Making body parts names can give the idea that the name of the body is terrible. Using proper terms can help your child speak about medical problems freely and learn about sexual abuse and report them without feeling abused.
Ages 4-5: Age For Birds And Bees Talk
In pre-school years, the general curiosity of your child about gender probably grows. She perhaps also asks: Where do babies come from? How did I get out of the tummy of Mommy?
Don’t overthink about the curiosity in the sexuality of your preschooler. Age 4 and 5 may touch their genitals and show interest in the genitals of other children. These are not adult sex, but signs of regular interest. While it is normal for pre-school students to hug and kiss friends and to play with peers, calmly explain to your child that touching others in private is not OK. Find toys and books that will redirect the attention of children to a play.
Tell your child that nobody else, including close friends and family, can touch her private parts. Only doctors and nurses can influence their genitals by physical tests, and you (his parents) can touch their genitals while attempting to locate or relieve genital pain.
Try appropriate “teachable moments” to explore the issue of sex. Talk at bathing time about genitals and explanate pregnancy when you or someone you know is waiting for a baby. But don’t take the facts overboard.
Ages 6-7: Age For Birds And Bees Talk
Your early school child typically seeks to gather additional information about everything: how male and female bodies are precisely different, how babies are made and what happens sexually between adults. He also learns to set boundaries for his own body.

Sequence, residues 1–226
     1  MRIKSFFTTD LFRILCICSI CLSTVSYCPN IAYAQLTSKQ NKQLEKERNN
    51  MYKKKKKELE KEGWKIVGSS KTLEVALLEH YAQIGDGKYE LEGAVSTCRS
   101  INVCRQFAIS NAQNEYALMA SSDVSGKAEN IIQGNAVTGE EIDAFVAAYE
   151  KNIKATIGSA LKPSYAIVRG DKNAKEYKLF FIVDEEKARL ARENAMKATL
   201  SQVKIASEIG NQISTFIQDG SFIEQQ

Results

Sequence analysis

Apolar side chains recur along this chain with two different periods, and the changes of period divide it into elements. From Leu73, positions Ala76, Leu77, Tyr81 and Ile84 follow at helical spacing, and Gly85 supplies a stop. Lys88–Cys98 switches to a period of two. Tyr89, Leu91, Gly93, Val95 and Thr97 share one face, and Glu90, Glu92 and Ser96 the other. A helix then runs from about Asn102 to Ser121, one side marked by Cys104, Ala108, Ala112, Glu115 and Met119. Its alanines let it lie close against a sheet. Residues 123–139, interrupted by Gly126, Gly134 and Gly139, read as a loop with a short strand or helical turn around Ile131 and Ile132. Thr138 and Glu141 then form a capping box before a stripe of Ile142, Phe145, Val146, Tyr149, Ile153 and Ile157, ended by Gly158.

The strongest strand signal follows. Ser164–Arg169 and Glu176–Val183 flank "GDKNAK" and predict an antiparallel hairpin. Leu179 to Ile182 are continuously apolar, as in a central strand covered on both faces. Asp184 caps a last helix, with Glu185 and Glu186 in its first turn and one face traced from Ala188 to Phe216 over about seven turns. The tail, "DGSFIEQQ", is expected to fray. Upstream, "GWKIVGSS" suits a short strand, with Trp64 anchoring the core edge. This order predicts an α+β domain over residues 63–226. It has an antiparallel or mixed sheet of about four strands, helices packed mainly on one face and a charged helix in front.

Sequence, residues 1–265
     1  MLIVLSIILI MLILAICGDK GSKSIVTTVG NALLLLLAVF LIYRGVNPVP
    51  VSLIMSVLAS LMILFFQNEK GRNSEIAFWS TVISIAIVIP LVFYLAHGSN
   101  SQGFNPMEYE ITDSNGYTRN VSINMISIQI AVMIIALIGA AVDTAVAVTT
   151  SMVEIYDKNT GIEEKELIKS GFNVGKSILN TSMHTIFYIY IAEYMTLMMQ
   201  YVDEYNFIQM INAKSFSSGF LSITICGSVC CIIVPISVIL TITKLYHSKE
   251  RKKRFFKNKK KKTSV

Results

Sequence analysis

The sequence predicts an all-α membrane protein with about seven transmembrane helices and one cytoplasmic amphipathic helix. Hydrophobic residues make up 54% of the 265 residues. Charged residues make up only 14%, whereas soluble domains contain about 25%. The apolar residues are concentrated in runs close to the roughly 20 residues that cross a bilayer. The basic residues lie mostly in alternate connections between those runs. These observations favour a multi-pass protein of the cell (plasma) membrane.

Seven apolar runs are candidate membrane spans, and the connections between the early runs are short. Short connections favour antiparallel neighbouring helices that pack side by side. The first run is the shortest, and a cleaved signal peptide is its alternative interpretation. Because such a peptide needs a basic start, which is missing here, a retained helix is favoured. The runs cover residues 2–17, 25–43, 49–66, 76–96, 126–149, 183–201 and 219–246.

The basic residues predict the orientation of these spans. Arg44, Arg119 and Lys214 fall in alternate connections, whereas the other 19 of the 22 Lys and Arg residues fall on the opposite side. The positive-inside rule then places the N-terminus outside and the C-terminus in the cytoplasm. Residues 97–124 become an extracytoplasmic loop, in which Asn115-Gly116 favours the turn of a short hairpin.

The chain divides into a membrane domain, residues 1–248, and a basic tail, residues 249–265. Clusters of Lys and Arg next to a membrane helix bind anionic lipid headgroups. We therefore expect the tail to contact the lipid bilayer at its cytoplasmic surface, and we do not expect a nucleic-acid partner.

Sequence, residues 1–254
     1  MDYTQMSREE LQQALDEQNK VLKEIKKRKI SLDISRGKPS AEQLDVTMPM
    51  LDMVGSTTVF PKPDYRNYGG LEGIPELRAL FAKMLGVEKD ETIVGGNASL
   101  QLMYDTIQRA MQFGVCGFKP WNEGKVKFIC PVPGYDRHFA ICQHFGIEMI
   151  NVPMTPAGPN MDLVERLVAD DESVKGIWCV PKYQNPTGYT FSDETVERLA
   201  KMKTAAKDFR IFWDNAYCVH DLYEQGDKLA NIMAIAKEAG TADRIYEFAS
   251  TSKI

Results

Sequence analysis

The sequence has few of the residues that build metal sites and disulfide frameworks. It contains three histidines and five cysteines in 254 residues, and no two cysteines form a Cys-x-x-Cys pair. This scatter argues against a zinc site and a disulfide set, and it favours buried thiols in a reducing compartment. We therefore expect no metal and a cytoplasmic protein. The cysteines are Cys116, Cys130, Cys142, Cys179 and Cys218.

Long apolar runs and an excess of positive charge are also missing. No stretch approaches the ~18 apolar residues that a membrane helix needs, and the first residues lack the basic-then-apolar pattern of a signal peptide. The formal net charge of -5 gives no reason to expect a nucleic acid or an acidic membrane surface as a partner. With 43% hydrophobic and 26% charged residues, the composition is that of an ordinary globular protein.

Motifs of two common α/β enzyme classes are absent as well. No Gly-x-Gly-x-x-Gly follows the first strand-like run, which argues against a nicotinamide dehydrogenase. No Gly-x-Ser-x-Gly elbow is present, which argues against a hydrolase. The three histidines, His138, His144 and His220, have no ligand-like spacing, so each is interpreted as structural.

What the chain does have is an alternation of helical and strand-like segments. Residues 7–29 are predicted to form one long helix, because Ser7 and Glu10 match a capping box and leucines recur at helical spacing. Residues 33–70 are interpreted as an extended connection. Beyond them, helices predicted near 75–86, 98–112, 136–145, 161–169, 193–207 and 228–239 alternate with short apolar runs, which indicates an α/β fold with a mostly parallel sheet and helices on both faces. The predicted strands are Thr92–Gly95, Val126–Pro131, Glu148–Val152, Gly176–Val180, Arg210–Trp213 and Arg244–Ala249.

Keep answering the questions of your child simply and truthfully without going too far. Switch to children’s books ideal for ageing to help illustrate issues. The different parts are the parts that make each one of us a woman or a man. Some of these sections are outside our bodies. Some of them are within our bodies. Also, some parts — when the body of a person grows up — can make a baby.
Let your child know how to guard against sexual abuse and let her establish boundaries for her body and personal safety. Enable your child to make the rules and say ‘no’ to something when it comes to his body if he hates tickled or seen nude, even immediate family members.
It is natural for the children to become more modest in the way they get older and more independent of themselves, but it is good to teach them that nothing is disgraceful about their bodies. It’s still nice if parents play horseplay, cuddle, take the kids on their shoulders, and teach kids to shower and bathe if the kid’s all comfortable.
Age 8-12: Age For Birds And Bees Talk
Sometimes the years that lead to puberty may feel like the calm before the storm. Children can be more relaxed and calm about sex-related issues than younger children. Or, they may be even more curious and less tentative about the subject. In any case, your tween machinery is turning, and your transparency and integrity are more important than ever.